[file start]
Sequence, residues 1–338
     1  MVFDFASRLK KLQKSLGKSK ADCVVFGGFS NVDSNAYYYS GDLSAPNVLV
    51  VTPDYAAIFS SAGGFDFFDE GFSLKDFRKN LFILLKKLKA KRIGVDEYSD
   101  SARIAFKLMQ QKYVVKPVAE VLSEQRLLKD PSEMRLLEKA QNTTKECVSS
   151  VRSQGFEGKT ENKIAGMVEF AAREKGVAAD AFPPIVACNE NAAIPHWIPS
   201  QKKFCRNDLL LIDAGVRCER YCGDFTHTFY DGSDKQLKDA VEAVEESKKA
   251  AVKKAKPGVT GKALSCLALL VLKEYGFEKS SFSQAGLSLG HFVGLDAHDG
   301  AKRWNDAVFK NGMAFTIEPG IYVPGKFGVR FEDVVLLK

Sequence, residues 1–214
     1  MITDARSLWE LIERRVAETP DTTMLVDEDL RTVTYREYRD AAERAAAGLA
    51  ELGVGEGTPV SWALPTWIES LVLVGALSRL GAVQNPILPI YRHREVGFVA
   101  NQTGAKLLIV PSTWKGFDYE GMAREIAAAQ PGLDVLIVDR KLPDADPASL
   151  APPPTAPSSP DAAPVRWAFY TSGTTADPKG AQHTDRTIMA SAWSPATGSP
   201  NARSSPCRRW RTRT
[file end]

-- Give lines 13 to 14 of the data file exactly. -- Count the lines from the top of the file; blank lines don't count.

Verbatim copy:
   151  APPPTAPSSP DAAPVRWAFY TSGTTADPKG AQHTDRTIMA SAWSPATGSP
   201  NARSSPCRRW RTRT